Earlier this afternoon, TSN 1040 host Matthew Sekeres dropped some information on Alex Biega and the expansion draft:
The #Canucks are exploring the possibility of exposing Alex Biega as a forward, not a defenceman, for the expansion draft. It's why he's 1/2
— Matthew Sekeres (@mattsekeres) March 21, 2017
2/2 likely to play some RW, ahead of healthy options like Joe LaBate, tonight and perhaps in some of the remaining 11 games. #Canucks
— Matthew Sekeres (@mattsekeres) March 21, 2017
My first reaction, along with many others was ‘What?’
That is a reasonable response, as at first glance it makes zero sense. After further investigation, it still makes little sense at this moment, but there is some reasoning behind it, I think. But it appears to be misguided.
We’ll start with the expansion draft rules, which are located here. There are some regulations outlined on who Vegas may select:
Regulations Relating to Expansion Franchise
* The Las Vegas franchise must select one player from each presently existing club for a total of 30 players (not including additional players who may be acquired as the result of violations of the Expansion Draft rules).
* The Las Vegas franchise must select the following number of players at each position: 14 forwards, nine defensemen and three goaltenders.
There is no definition on the maximum of each position that Vegas must select, just that they must take 14 forwards, 9 defencemen and 3 goalies. So, in theory they could just take 14 forwards, 13 D and 3 G and be on their way.
Furthermore, there is no definition about what a forward or defencemen is. We say that Alex Biega is a defencemen because he has played D for his entire career. But play him at forward, wouldn’t he technically be a forward?
A goalkeeper is outlined in the NHL rule-book, but not positional skaters.
Not that I necessarily agree with that, but that is a defensible argument and likely what the Canucks will use to say that Biega is a forward. As he is playing over healthy forwards.
But Vegas won’t have issue reaching either minimum.
Player Exposure Requirements
* All Clubs must meet the following minimum requirements regarding players exposed for selection in the Expansion Draft:
i) One defenseman who is a) under contract in 2017-18 and b) played in 40 or more NHL games the prior season OR played in 70 or more NHL games in the prior two seasons.
ii) Two forwards who are a) under contract in 2017-18 and b) played in 40 or more NHL games the prior season OR played in 70 or more NHL games in the prior two seasons.
This has been discussed ad nauseam over the last few months. But does relate here because, maybe the Canucks are trying to meet the exposure requirements on forward. However, at this moment, the Canucks have Derek Dorsett who meets the requirements. While forward Joseph Cramarossa, Brendan Gaunce, Michael Chaput, Jack Skille, and Jayson Megna would meet the requirements once signed to a new contract.
This is another chance to re-iterate, having Biega meet the requirements does not mean that someone like Gaunce will be ‘protected’. Gaunce will still be exposed, and can be chosen by the Golden Knights. It just means there is another forward available. If that is what Biega is deemed as.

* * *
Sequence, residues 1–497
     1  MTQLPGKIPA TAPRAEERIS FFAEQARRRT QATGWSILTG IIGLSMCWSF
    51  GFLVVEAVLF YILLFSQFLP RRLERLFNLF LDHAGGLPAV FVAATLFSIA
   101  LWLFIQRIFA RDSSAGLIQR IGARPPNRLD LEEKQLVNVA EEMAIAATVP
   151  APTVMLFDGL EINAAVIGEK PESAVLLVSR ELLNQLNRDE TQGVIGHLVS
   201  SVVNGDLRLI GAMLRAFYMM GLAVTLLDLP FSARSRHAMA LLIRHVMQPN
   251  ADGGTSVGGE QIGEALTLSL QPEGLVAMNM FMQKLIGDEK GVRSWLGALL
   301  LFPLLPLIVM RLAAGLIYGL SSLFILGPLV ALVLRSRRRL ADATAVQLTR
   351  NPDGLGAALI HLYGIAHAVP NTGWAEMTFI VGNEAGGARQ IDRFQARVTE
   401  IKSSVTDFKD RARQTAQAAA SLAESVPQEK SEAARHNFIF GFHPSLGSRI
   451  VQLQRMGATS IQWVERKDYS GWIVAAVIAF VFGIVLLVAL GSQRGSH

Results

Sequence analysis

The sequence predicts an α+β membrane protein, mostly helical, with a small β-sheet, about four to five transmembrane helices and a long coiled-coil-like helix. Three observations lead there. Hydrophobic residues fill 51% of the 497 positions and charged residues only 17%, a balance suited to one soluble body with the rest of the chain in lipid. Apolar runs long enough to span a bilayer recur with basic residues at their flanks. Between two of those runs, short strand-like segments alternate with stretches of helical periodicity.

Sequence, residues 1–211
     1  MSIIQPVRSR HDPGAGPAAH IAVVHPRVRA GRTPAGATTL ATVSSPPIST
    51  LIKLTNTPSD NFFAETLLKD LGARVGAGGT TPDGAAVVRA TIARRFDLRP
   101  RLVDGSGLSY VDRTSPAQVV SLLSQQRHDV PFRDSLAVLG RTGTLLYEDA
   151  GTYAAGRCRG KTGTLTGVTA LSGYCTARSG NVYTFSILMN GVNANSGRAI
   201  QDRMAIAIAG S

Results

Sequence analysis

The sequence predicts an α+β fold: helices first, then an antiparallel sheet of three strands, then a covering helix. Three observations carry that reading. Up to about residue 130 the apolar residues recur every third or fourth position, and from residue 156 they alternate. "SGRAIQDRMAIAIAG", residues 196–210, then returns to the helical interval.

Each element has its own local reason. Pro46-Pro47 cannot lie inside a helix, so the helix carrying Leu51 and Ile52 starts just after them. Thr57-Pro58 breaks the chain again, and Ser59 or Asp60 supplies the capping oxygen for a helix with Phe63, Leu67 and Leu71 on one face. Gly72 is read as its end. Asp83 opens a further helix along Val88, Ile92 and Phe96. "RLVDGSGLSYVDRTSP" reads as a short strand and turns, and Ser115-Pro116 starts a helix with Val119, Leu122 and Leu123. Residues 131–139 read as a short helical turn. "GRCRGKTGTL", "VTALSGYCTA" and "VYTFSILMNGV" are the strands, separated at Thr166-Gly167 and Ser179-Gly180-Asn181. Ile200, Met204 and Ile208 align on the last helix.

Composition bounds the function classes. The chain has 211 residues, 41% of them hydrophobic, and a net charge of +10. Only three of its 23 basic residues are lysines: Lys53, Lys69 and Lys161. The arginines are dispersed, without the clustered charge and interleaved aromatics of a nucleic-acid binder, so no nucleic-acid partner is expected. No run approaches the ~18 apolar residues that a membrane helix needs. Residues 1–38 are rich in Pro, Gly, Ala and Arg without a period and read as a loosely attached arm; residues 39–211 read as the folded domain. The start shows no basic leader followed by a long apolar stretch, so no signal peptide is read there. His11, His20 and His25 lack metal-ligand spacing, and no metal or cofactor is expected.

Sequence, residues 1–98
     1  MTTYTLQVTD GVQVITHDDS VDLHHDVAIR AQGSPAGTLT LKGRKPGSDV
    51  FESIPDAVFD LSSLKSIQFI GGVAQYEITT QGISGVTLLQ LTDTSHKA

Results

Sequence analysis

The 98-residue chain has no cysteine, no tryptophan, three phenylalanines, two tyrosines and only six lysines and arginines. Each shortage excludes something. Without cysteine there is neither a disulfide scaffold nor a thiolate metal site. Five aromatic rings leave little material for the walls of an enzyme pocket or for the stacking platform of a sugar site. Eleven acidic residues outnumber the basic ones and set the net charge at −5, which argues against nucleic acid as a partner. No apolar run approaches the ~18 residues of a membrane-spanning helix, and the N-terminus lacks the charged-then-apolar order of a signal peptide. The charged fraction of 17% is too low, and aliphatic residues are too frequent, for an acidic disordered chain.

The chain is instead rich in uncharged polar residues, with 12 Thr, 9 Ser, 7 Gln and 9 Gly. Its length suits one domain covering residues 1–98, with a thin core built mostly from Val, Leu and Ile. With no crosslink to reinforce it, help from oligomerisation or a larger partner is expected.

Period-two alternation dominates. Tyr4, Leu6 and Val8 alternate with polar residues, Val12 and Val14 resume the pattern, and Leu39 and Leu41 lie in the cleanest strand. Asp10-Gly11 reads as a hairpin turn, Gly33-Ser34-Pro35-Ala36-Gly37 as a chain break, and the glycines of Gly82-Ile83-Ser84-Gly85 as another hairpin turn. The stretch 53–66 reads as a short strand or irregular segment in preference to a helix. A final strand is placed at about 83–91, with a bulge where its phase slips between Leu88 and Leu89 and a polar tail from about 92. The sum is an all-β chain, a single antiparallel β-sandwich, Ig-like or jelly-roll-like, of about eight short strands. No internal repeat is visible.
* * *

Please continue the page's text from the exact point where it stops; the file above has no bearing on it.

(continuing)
The argument can be made that by making this change, it allows the Canucks to trade Biega to another team who needs to meet the forward exposure requirements. At quick glance of the exposure lists on capfriendly.com – all other teams just need to re-sign one or two of their pending RFA to meet the requirements, and be on their way.
Toronto was a team who possibly needed a forward to meet the requirements, so they acquired Eric Fehr.
It’s a far-fetched plan, as the team who needed to meet the requirements could just make a deal with Vegas to not take a certain player. Not take on Biega.
The logical argument is that the Canucks want to have Biega deemed a forward, so that they can convince Vegas to take him. Offer a late pick, take Biega, protect Gaunce and move on.
But there is no reason to make Biega a forward to make this happen. If you choose to offer a pick to make sure Vegas doesn’t take Gaunce and takes Biega instead, it doesn’t matter of the position. You could just offer that late round pick to Vegas and have them select Biega.
The Golden Knights could just take 14 forwards from other teams, then take 13 defencemen (including Biega) and 3 goalies.
Furthermore, it requires the NHL to allow a change to a player’s position, although undefined within the rulebook, is still pushing the boundaries on what would be allowed. It’s highly likely that if the Canucks were to propose this, that the NHL would shut it down as it pushing the ‘convention of the game’. It’s unwritten, but it’s common and assumed knowledge.
If, and that’s a huge if, the NHL did let it happen – it’s impossible that they would then allow the Canucks to trade Biega, and the acquiring team use him as a forward.
It is thinking outside of the box a bit, but after looking into further, it’s clear that there doesn’t appear to be a logical or reasonable way that this ends with the Canucks obtaining any sort of benefit.
GMJB told me #canucks are not trying to make Biega a F for purpose of the expansion draft.
— Dan Murphy (@sportsnetmurph) March 21, 2017
Since this post was completed, Dan Murphy from Sportsnet debunked this suggestion after speaking with GM Jim Benning.
Suddenly the confusion outlined above, makes more sense.